Army vs Penn State, 1961 takes a look back at the 1961 classic meeting between Army and Penn State through the eyes of the now defunct <i>Newark Evening News</i>. Army won 10-6. It was a huge upset win for the Cadets because the Army team had been crushed at Ann Arbor against Michigan the previous week by a score of 38-8.

By Len Elliott

Army's Stutter~ Option to Short Side Bothers Penn State

ARMY detonated the big surprise of Eastern football Saturday, when it beat Penn State among the fog-topped mountains of central Pennsylvania, Army didn't do it on a fluke either; the Cadets looked like the hotter team and they were.

Army won this one for several reasons. One was a piece of ingenuity by Coach Dale Hall, one which should strengthen our faith in the armed forces. A second was the high resolution of the team, which was smarting from its humiliation at Michigan the, week before; seven of the starting eleven were Pennsylvania boys too, and were playing before families and friends. A third factor was Penn State's inability to-make its attack move consistently without its top quarterback, Galen Hall.

The first Hall, Army's Dale, did two things last week which had a decisive bearing on the game. First he moved Joe Blackgrove, who had been alternating with Dick Eckert at quarterback, to left half. He put Blackgrove there to give Army some running speed to the outside.

Blackgrove, redheaded son of an Army sergeant, has speed, elusiveness and surprising drive, considering that he weighs only 168 pounds. He had been used last year almost solely as a specialist to run back kicks. Turning the Short Side ALL'S other accomplishment was to 'devise a way to get around the short side of Army's unbalanced line without using the undersized Blackgrove as a blocker. He did it by coming up with what appears to be a new maneuver in offensive football. It was new to Penn State, anyway. the play could be called a delayed, or stutter, option. In this it differs from the belly option, the Faurot option and the rollout option, although it is closer to the Faurot than anything.

Army worked it this way. The team, for instance, would line up in right formation, with the lonely end far out and the line unbalanced. Blackgrove, the left half in the solid T, goes in extended motion to the right, or strong side. As he gets the ball from the center, Dick Eckert fakes to Al Rushatz, the fullback, who goes in as though on a fullback trap play, and a guard pulls. Eckert fakes to Rushatz, delays slightly with a couple of stutter steps, so the guard can get ahead of him, and then sets sail to the short side with the right halfback going with him as the pitch man.

Then the option develops. If the end, or the corner man if there is one, goes for Eckert, he pitches out to the right half and the latter turns the corner with the pulling guard in front of him. If the end softens to the outside for the pitch man, Eckert keeps the ball and goes inside him.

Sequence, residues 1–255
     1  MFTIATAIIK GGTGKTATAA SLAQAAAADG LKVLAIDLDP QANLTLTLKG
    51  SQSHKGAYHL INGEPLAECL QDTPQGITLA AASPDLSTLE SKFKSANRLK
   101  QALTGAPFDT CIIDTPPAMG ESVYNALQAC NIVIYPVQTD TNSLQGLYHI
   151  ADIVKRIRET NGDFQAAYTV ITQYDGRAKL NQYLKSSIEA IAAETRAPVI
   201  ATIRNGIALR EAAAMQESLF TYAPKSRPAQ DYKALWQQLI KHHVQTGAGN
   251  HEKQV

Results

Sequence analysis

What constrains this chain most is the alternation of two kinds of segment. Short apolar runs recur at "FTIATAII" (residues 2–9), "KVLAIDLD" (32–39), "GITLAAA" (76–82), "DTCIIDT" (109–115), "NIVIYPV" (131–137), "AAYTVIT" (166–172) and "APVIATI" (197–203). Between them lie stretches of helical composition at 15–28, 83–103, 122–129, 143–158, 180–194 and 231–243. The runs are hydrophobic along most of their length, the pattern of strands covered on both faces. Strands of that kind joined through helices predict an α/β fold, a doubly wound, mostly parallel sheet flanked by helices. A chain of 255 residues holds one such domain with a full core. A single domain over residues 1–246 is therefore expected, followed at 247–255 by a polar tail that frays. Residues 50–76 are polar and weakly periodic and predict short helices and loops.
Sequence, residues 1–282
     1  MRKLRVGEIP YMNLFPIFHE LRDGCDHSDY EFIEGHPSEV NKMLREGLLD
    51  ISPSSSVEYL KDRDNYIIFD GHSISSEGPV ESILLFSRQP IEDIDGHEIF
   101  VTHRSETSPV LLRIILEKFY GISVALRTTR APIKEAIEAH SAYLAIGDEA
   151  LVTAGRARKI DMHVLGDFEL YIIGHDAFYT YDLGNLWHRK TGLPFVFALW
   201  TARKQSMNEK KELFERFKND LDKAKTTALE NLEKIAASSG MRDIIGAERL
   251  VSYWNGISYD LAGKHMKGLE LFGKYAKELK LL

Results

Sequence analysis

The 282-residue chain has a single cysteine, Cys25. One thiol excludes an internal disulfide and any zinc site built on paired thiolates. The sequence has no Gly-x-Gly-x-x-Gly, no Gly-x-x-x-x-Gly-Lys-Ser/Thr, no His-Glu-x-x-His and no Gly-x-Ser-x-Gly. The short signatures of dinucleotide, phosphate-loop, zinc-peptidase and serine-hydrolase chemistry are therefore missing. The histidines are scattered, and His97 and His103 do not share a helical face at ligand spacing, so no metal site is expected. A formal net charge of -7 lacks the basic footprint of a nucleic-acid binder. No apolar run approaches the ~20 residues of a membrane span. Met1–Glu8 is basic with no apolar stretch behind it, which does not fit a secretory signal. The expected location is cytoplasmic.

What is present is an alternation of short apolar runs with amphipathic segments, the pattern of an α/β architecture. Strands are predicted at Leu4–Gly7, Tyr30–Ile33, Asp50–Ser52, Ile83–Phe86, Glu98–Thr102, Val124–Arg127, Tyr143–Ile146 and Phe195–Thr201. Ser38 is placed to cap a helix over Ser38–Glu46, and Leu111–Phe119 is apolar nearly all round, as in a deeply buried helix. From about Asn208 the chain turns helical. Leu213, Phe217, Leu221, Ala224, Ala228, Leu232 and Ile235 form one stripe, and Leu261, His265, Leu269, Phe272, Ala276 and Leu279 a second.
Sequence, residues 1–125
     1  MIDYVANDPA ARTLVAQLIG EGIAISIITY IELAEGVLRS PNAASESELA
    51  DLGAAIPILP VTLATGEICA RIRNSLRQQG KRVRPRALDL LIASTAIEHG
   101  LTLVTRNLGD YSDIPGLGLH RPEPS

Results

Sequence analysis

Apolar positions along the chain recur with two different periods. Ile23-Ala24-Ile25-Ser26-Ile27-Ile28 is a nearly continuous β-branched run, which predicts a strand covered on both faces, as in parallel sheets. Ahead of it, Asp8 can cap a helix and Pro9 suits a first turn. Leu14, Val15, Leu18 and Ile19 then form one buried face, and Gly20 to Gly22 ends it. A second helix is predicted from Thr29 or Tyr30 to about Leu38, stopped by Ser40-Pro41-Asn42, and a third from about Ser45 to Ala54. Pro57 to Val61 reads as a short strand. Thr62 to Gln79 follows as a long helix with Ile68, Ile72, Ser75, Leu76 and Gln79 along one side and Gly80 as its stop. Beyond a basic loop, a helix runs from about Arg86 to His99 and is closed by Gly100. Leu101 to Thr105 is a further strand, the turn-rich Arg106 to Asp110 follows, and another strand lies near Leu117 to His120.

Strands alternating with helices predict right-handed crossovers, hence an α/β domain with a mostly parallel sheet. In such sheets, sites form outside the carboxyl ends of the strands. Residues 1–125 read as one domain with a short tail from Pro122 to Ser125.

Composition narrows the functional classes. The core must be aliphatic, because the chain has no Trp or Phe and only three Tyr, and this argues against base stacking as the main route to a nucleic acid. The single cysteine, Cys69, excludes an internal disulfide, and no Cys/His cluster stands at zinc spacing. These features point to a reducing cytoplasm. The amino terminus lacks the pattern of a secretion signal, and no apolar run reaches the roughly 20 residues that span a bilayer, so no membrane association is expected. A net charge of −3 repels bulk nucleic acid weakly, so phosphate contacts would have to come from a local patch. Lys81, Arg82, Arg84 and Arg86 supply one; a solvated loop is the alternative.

Fake Deceived Lions

ECKERT made the play beautifully against Penn State. He pitched out to Pete King once for 25 yards, to Ray Paske once for 30, to King again for nine. The long one by King almost went for a touchdown, only a lastditch tackle by Pete Liske averting it. King's big gain put State in a bad hole, however, from which the Lions never recovered until Army had scored.

Apparently, as it was explained, the moves that make this option work are the fake to the fullback inside and the guard pulling. It looks like a trap and thus holds the linebacker and the tackle, and has the general effect of delaying pursuit. Anyway, it worked against Penn State and looked like a good way for the unbalanced T to get around the short side.

Going to the strong side Army uses the usual belly option and Blackgrove and Eckert ran this very well. Eckert got the touchdown drive started with it and Blackgrove's running got the Cadets into range for a field goal. With Blackgrove at halfback Army crossed up everybody by practically refusing to throw the ball. Out of 70 offensive plays, only seven were passes-and six of them complete. So the Cadets now appear to have the balance, when they want to use it that will make them even more dangerous.

Galen Hall Missed

PENN STATE apparently needs Galen Hall at quarterback, badly. Neither Liske, essentially a defensive player, nor Don Caurn could get the team moving for more than two drives. The first of these ended with an interception and so would the second, if offsetting penalties had not canceled the play.

The Lions had a big chance early, when King fumbled away a fair catch on the Army 29. But State tried to run the ball, then missed a pass on third and six and had to settle for a field goal try. Had they scored then the game might have been different. As it was, they never got into a threatening position again until late in the third period. Penn State must be given an accolade for one move. The ground crew was routed out of bed at midnight, soon after the rain began, and had the field covered before 1 a.m. Top Stories